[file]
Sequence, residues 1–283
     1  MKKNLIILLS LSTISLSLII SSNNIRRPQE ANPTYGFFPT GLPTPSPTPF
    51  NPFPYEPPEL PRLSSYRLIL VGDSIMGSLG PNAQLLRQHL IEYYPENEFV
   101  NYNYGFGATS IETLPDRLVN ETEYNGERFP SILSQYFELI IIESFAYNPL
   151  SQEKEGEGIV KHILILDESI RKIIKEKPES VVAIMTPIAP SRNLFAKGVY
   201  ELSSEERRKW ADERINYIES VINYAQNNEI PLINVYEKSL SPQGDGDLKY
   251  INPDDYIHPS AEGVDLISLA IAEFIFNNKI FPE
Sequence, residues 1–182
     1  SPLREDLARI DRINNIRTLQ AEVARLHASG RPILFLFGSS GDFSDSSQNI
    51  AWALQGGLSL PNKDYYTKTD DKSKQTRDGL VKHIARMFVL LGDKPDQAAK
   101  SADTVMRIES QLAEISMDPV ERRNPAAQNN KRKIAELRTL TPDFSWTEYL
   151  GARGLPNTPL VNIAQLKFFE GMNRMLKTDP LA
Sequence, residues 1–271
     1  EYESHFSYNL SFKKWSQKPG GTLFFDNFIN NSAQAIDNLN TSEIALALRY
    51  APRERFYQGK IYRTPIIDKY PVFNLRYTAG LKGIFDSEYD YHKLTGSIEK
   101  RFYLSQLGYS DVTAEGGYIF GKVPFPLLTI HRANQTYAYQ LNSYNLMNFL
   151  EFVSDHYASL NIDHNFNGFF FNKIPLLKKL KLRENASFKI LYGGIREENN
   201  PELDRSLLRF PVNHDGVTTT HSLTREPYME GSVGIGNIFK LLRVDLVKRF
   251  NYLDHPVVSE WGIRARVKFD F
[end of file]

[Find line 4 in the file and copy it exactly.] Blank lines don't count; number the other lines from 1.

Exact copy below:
   101  NYNYGFGATS IETLPDRLVN ETEYNGERFP SILSQYFELI IIESFAYNPL